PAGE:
The knitting has, in chemgrrl’s words, been of the ovary-exploding type. One of my bestestest friends in the whole wide world gifted us with a new variety of baby: the kind I like.

To celebrate, Baby K, Ma L and Pa G got these:

Baby Booties

Look, ma, NO PINK!

Of course, these tiny little booties (and an accompanying pair which I did not photograph) do not 3 months of knitting make…. No, indeed. There has also been knitting of other kinds. Which I can’t share. Yet. Instead, I offer up the second-best home-brew dye job in the world!

Dye Job

Urban camouflage. Invisible or not? You decide.

Really, “second best” is something worth saying with pride. Maybe third- or fourth- best, even, given the company at the TBKGE’s Second Annual Dyeing Party. Allbuttonedup has the best. Srsly. Haven’t seen photos yet, but I can guarantee that it was spectacular in person, and there were several other very pretty fibery things including a cotton-candy spectactular that Sara did (though the fleece on which the cotton-candy was unleashed unfortunately felted in the process).

Who is apparently not so random after all.

When last we checked in with our intrepid knitter–that would be me–she was…. Wait, hang on, I can’t talk about myself in the third person. I am not Bob Dole, nor am I Kanye, so, let’s reboot this post.

When last I presented a work-in-progress on this blog, I was trying to randomize one part of my life–the socks–in order to derandomize some other parts (schoolwork, etc., with the “etc.” part being the parts that I don’t talk about much but think about quite a bit). The Randomized Socks are clearly now complete.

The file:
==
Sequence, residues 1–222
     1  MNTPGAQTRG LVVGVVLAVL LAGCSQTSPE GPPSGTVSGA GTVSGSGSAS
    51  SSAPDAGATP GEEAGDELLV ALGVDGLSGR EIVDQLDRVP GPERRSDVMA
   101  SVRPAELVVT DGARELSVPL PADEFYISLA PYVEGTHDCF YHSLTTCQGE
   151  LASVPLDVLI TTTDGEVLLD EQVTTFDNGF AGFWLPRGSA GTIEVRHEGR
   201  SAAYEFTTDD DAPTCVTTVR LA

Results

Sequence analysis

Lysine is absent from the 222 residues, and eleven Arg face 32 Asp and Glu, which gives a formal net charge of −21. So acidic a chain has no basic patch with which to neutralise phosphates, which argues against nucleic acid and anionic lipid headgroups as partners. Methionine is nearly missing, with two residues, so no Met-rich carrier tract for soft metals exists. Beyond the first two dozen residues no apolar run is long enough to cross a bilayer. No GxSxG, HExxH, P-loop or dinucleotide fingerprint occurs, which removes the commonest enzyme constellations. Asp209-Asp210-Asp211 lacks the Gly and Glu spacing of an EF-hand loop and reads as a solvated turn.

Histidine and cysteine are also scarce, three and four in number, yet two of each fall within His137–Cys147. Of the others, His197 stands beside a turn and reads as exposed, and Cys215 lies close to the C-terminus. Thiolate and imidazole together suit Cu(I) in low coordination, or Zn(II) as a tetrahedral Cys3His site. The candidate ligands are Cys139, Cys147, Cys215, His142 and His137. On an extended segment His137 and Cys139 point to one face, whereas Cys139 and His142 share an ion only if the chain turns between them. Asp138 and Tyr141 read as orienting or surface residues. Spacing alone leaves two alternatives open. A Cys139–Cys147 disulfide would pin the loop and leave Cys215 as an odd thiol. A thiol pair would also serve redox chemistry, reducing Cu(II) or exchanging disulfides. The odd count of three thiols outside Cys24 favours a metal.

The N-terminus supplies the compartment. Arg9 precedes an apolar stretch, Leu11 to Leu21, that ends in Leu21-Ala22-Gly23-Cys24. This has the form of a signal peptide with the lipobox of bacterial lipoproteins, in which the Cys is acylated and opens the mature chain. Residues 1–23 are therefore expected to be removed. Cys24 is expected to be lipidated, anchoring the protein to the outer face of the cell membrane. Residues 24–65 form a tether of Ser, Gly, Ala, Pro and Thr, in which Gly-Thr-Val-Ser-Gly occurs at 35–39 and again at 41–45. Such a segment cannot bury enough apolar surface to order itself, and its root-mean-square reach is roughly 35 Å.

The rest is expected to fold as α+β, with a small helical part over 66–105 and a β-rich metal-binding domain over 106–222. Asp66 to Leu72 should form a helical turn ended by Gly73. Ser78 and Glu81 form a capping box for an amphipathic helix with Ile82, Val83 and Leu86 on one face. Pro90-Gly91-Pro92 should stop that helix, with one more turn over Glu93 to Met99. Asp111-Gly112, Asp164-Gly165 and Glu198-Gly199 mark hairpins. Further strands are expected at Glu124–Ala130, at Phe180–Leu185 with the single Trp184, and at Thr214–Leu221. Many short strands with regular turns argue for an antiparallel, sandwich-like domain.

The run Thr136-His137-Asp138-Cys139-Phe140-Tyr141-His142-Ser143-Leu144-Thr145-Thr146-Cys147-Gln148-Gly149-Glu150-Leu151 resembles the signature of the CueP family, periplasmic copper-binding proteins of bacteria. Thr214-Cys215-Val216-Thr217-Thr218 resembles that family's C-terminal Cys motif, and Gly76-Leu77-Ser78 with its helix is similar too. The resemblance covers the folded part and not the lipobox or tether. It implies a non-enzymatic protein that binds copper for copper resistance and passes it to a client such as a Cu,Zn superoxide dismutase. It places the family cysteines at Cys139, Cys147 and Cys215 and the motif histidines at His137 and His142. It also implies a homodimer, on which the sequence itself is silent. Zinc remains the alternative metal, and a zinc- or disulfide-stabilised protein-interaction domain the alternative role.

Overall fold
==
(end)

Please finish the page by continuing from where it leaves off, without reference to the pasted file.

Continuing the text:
Randomized Socks

Random! (or not.)

Of course, the Randomized Socks are red, and therefore nigh-on impossible to actually photograph with any degree of accuracy, especially with my little Canon. (I opted not to pull out the big giant Canon because it’s heavy and kinda hard to aim at my feet while staying still enough to get a non-fuzzy photo.) Thus, even the photo of the socks is a little random, at best.

Nevertheless, these socks are not random enough. I put them on and they look as though they’re the most planned cables in the world. Which is the problem I had with them initially, but I thought we’d gotten past that (we being “me and my many personalities, one of which is a multiple personality”). Clearly not.

So, the question is: did the under-randomization of the socks result in an over-randomization of the other stuff?

Decidedly, yes.

But in a good way.

That’ll teach me to question entropy.

I guess it’s been one of those weeks. You know, a week where everyone seems to have exactly the same week?

Blogless Norma and I have been splitting the sleep allotment of a single person–and apparently, the same kind of obsessive behavior when it comes to combining coding and academic research–but that doesn’t really photograph well.

What does tend to photograph well is a confluence of knitting. Chemgrrl has been working on a scrum-diddly-umscious pair of orange Sock-Hop knee socks for a few weeks, perhaps as long as I’ve been working on a much more boring pair of navy knee socks knit of Karabella Margrite (or something like it in sport weight, can’t remember, details TBA). She’s just been more diligent about documenting her work.

No longer. No longer will these socks be hidden in the shadows of my procrastination, subject to the injustices of my slackerdom.

Knee Socks

But where’s the other sock?

The only thing I’m worried about is whether or not I have enough yarn to make it just one more inch in pattern before I start ribbing, which should allow the socks to cover my ridiculously large lower-leg area.

Like chemgrrl, I had to do some in-pattern increases to get the poor socks to fit. Unlike her, I’ll probably release a pattern at some point.

Knee Sock Calf Increases

Look at how planned that looks…. Not at all as though I winged it. Wung it?

And, like chemgrrl, I hope someday to name these after someone in my knitting group, because it’s The Best Knitting Group Ever ™.